What you need to know:
- Incompatibilities can leave you feeling you are getting the short end of the stick.
- A couple may perpetually fight because one partner does not share the interests of the other, or eventually break up to go and find dates who share their hobbies.
- Consider distracting your spouse with generally acceptable but incompatible behaviours to stop them from annoying you.
How compatible are you with your partner? This is a question you must work on and answer if you aspire to have a satisfying long term relationship. You may be incompatible sexually but compatible mentally. You may be compatible emotionally, mentally, intellectually, but incompatible sexually.
The harm it can cause
Incompatibilities can leave you feeling you are getting the short end of the stick. It can be a trigger for cheating as you seek the satisfaction and compatibility you desire. “Many disagreements and fights in relationships are attributed to incompatibility, with partners feeling they are with the wrong match,” says family therapist Susan Gacheru. But this must not always be the case. Although being incompatible can seem like a deal breaker, it is not all levels of incompatibility that should stoke a break up. Instead of moving out to find the missing link elsewhere, you can move towards bridging the incompatibility you profoundly feel. Compatibility, or lack of it, though, remains an ambiguous subject among many couples. There are those who feel incompatible simply because their partners aren’t their exact replica. There are those who will say they’re incompatible because their partners prefer to go to bed a little later than them. And there are those who will say they’re incompatible because they subscribe to different religions. Also, it could be that one person wants to have a child and the other doesn’t.
A couple may perpetually fight because one partner does not share the interests of the other, or eventually break up to go and find dates who share their hobbies. But these are not measures of how compatible or incompatible a couple is. “Compatibility is not really about shared affinities such as hobbies, interests and activities. Sharing such things only promotes interpersonal chemistry between you,” says Gian Gonzaga, the author of Dating the Second Time Around. Bear in mind that you and your partner are independent individuals trying to see eye to eye on numerous issues that determine the overall health of the relationship.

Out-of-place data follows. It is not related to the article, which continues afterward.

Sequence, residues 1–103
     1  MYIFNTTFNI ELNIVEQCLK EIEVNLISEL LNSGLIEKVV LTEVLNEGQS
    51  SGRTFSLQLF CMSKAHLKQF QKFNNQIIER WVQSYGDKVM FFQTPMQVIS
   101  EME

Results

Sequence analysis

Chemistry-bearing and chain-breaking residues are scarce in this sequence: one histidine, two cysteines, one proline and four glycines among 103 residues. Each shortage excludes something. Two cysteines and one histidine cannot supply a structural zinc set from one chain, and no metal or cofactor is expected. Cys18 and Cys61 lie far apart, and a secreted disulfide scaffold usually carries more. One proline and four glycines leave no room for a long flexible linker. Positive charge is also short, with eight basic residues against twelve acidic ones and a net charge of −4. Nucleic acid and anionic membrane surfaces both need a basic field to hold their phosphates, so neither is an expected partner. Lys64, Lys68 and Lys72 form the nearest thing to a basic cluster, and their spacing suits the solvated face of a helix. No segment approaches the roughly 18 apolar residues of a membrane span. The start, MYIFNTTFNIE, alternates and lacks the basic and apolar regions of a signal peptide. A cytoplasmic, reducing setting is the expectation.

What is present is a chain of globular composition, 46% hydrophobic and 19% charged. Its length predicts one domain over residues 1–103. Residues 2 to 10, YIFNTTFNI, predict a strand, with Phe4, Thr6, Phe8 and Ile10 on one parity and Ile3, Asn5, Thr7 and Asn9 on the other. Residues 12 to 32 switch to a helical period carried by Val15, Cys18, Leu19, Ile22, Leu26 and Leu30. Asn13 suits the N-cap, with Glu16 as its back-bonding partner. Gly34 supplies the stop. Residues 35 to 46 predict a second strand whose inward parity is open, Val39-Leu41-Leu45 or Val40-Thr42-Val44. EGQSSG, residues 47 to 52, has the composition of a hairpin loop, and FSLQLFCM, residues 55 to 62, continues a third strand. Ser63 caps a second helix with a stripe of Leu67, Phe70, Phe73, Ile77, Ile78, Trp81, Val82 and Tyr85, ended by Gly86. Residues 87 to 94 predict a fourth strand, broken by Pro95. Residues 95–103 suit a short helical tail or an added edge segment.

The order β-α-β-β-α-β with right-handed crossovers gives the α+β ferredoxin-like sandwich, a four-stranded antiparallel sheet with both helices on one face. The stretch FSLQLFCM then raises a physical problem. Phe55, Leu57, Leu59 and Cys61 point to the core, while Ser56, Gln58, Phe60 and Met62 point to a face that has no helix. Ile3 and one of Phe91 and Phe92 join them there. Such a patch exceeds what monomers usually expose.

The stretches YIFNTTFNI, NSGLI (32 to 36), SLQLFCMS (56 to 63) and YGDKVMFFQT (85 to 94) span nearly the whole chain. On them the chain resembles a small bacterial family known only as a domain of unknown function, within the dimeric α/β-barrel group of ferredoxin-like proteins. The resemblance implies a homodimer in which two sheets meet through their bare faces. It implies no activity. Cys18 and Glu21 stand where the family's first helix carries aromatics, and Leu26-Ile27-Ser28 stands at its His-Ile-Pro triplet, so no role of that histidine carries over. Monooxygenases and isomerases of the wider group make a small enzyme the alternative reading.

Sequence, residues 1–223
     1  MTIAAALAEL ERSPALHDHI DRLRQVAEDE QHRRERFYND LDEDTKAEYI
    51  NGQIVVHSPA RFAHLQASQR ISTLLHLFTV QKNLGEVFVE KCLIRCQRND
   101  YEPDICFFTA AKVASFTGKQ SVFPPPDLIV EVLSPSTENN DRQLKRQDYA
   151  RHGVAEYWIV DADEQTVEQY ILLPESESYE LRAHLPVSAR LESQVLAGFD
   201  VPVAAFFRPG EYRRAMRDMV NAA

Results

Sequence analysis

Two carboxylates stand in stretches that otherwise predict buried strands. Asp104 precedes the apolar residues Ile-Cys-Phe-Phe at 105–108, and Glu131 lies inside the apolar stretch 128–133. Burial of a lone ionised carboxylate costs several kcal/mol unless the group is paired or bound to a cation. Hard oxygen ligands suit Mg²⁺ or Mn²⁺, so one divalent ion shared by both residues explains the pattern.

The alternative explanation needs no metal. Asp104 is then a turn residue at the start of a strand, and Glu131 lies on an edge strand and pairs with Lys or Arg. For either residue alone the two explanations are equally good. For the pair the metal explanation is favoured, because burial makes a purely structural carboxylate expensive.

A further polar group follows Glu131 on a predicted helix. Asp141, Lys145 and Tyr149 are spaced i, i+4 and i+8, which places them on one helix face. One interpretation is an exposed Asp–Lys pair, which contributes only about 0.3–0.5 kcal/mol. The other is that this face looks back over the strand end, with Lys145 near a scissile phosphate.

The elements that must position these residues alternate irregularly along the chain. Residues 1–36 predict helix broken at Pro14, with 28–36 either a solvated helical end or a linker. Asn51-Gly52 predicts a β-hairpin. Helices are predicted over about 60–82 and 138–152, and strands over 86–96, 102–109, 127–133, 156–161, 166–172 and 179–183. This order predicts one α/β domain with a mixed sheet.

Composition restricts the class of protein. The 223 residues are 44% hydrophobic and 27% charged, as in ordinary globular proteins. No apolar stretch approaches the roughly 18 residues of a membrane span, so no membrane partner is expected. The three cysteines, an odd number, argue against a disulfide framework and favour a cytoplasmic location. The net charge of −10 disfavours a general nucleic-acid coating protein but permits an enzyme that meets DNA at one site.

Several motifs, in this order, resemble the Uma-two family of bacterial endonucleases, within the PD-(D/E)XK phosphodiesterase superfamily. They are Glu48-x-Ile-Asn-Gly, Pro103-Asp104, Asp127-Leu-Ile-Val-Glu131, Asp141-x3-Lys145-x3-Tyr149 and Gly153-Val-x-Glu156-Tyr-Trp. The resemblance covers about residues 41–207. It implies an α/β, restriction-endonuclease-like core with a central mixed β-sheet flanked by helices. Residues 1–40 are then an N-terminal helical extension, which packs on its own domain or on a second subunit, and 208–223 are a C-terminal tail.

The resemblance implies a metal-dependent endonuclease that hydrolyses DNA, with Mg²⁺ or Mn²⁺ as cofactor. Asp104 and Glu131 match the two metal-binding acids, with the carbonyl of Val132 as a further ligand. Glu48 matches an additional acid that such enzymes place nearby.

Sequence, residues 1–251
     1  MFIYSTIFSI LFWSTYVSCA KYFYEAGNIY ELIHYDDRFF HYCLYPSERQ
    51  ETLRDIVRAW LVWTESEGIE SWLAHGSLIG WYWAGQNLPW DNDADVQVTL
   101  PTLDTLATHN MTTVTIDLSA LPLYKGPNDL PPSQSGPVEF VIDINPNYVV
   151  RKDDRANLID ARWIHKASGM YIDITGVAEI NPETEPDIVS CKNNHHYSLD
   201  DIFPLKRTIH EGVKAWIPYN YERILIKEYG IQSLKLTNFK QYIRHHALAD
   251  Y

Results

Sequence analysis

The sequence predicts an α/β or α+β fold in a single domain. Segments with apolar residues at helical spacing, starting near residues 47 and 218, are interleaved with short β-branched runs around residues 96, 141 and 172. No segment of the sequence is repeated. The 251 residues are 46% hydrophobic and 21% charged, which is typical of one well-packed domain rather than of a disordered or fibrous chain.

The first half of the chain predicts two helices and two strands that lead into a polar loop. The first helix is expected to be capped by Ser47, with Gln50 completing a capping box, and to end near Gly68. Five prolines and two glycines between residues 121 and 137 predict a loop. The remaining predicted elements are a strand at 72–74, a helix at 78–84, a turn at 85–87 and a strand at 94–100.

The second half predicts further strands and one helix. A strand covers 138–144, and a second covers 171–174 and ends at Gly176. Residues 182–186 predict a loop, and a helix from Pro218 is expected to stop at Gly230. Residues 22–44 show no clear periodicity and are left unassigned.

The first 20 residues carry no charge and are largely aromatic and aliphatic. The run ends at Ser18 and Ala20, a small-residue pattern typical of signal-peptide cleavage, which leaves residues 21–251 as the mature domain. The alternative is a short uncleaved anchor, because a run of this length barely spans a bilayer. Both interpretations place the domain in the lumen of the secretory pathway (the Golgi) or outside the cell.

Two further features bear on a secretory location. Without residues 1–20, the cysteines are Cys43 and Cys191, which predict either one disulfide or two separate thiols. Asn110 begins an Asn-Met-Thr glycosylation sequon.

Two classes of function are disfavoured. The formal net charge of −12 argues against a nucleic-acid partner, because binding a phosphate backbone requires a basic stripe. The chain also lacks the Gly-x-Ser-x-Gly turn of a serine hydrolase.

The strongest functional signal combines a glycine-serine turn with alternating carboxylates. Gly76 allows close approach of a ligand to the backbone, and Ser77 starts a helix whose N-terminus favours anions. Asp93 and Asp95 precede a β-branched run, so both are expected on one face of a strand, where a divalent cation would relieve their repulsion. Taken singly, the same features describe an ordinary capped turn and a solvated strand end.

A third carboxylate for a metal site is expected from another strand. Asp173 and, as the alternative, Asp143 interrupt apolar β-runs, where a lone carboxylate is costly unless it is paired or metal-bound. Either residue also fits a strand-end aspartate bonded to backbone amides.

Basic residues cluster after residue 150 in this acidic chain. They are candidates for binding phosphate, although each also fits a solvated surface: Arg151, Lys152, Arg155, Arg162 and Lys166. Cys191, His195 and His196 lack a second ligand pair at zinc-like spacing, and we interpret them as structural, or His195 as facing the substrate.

Tracking your individual evolution
This is the start of your migration from incompatible to compatible that will give you willingness to put effort towards becoming compatible. One of the best tricks to use, says psychologist Dr. Chris Hart, is to mutually track each other’s evolving needs and priorities. “Accept your differences and find ways to turn them to your advantage,” says the psychologist and author of Single and Searching. This will guide you in identifying the areas of incompatibility that you argue most about. “If you really need your partner to do something different, be straightforward and honest about what you want them to do,” says Dr. Hart. This means you must also be willing to negotiate and compromise on issues relating to compatibility with your partner. “If you passively acquiesce to be what you think is affectionate, you may later evolve into a persecuting and resentful partner,” says Gerry Heisler, a psychologist and author of Relationship Bootcamp.
The positive distraction
Consider distracting your spouse with generally acceptable but incompatible behaviours to stop them from annoying you. “Putting on her favourite CD will keep her from unloading on you the same way he’ll be less likely to bother you while you’re cooking if you put a bowl of nuts by the TV,” says Dr. Hart. Ms. Gacheru says you do not need to alter your personality to appear compatible. This is a façade you cannot manage to carry for the rest of your relationship. “Instead, alter your attitude and behavior to nip the traits that render you incompatible in the bud,” she says.
According to clinical psychologist Daniel S Lobel, you should not expect to have complete compatibility, even as you work on your relationship. “Relationships generally have areas of incompatibility that may come and go throughout the duration of the relationship,” says, Lobel who is the coauthor of Stop Walking on Eggshells for Parents: How to Help Your Child (of Any Age) with Borderline Personality Disorder without Losing Yourself. He however points out that how you both own up to the problem and the solution instead of going into a competitive mode and asking your partner to change, will largely determine the outcome of your relationship. “The idea should be for you to come up with a strategy that focuses on what is healthiest for each of you as well as the relationship. Your relationship can only be well if you are both well. This will be doable if you avoid competition,” he says.